As a model example of logographic script with one graph representing one (formerly usually lexical) morpheme, Chinese writing has remained remarkably stable in terms of its fundamental logographic mechanism. The earliest known Chinese writing, the script of late Shang period (c. 1200 – 1050 BCE) – evidenced in abundant oracle bone inscriptions and scarce inscriptions on bronze vessels – is quite a mature writing system, in which the above-mentioned one graph : one word isomorphism is already well-established (Boltz 1994:177).

On formal level, Shang writing, unlike modern Chinese script, displays high level of graphic iconicity. Non-linguistic motivation of graphs (i.e. objects of real world after which the graphs are fashioned) is in many cases readily apparent in the graphic form of characters. Such formal iconicity of graphic form to certain extent influences the functioning and use of graphs. It is best seen in frequent and diverse occurrence of graph variants, most common types of which include:
– different spatial orientation: variants of the same graph can be rotated 90 or 180 degrees or face different directions.
– simple and complex variants: many characters appear in either simple or complex form, i.e. with the addition or reduplication of different elements. A common example is the addition of element (“a hand”) to a graph.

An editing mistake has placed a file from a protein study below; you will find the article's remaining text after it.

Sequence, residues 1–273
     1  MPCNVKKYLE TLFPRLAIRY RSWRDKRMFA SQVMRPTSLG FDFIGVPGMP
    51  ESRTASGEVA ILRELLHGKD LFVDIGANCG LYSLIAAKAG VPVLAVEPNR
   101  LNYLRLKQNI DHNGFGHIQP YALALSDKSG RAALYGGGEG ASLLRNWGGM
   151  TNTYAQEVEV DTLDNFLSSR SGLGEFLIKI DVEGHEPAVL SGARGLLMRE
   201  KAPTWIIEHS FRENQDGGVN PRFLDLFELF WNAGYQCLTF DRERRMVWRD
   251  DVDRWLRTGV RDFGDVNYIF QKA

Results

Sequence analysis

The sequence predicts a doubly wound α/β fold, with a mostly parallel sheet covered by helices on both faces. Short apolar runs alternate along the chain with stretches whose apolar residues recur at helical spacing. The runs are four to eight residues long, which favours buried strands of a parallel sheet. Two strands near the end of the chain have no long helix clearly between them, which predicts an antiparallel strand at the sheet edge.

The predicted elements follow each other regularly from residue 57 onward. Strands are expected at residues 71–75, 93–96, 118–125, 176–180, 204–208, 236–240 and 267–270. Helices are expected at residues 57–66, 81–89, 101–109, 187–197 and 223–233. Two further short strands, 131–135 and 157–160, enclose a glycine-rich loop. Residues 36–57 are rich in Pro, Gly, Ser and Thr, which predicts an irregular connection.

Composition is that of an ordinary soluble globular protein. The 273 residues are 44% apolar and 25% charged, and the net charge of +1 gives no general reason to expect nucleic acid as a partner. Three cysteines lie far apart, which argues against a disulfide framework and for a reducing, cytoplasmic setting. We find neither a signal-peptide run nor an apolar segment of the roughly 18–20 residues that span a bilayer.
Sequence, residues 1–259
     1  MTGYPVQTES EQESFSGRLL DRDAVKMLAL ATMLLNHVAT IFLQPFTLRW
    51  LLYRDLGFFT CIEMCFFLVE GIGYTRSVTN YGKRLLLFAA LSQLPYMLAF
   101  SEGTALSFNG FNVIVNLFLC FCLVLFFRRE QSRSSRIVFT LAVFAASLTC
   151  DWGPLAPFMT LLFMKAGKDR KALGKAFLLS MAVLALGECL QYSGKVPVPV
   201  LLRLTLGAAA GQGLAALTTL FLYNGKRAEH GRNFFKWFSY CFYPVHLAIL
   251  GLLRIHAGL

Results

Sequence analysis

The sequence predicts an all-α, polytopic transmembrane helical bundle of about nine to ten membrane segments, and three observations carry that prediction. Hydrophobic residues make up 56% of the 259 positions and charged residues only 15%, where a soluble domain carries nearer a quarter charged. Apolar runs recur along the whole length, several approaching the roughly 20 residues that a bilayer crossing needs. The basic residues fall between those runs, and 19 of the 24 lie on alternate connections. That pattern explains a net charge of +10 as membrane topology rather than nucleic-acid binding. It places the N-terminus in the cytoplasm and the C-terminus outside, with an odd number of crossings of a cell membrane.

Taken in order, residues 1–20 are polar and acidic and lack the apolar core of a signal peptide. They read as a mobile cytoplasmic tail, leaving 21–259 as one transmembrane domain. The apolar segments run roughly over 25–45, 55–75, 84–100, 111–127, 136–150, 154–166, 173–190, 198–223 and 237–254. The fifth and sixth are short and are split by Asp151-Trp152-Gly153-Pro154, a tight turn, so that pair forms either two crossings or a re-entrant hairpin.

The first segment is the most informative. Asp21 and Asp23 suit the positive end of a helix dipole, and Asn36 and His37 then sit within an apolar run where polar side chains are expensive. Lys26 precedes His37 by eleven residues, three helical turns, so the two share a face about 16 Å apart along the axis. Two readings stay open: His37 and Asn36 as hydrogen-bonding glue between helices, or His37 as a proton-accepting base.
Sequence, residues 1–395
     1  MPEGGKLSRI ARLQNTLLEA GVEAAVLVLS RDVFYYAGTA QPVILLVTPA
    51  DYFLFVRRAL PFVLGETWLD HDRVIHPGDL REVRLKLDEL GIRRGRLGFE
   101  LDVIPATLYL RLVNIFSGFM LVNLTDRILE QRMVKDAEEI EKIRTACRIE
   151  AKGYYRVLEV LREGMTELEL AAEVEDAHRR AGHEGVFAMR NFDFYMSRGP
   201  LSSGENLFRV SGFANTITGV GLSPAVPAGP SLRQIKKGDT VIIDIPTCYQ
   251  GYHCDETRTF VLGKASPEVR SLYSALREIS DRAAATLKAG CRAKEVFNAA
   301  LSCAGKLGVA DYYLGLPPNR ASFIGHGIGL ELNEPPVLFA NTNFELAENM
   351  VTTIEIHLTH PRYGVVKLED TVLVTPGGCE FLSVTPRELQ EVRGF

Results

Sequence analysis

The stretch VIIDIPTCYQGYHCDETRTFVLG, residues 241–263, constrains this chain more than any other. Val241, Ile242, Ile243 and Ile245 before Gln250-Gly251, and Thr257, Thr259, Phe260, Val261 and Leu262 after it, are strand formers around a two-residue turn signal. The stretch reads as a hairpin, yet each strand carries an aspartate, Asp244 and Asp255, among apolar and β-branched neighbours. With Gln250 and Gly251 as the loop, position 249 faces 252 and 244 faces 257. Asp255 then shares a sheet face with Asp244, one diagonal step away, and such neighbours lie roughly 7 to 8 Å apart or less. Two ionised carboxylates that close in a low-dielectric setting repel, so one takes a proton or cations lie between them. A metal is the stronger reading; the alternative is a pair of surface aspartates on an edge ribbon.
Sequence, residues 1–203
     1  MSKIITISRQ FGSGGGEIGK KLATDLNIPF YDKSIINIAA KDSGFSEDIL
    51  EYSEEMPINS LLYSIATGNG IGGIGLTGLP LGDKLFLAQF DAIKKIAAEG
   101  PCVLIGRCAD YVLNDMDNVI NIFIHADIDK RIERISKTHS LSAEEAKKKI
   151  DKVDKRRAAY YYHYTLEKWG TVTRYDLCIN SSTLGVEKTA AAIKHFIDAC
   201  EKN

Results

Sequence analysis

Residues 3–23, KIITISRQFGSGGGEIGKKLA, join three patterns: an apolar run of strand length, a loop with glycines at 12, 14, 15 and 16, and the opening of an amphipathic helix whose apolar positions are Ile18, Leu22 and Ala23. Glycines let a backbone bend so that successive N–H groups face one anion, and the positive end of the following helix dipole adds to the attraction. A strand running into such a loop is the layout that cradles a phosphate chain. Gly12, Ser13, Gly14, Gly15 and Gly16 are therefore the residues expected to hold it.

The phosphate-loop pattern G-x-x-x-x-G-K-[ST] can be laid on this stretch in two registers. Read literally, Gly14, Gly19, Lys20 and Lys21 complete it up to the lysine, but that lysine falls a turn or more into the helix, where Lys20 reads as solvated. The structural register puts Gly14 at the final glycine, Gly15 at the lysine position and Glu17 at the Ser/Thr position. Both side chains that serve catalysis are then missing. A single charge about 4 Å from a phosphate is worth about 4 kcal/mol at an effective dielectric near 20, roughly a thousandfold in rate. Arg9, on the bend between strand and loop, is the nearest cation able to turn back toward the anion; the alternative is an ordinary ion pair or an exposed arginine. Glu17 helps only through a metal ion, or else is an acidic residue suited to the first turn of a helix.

– substitution of related semantic element: in case of some multi-component characters, semantic elements of related meanings can be mutually substituted. Example of such interchangeable elements are (otherwise distinct) graphs (人), (大), (卩), all derived from a representation of human figure in different positions.

Such variation, widespread in Shang writing, is justified by the script user’s presupposed knowledge of graph motivation. Literate members of Shang society must have been aware of what graph was meant to graphically represent, so that they could identify rotated, altered and interchangeable variants of the same characters (i.e. characters recording the same word). In this way, iconic transparency of the script validates graphic variation.

Graphic fluctuations sanctioned by iconic message are unique to the earliest known Chinese writing. Iconicity and variation are later gradually replaced by conventionalized and uniform graphic standard. In modern Chinese script, the word written is identified only through the graphic form itself, and inquiry regarding graph motivation has been limited to memory aid and palaeographic endeavour.



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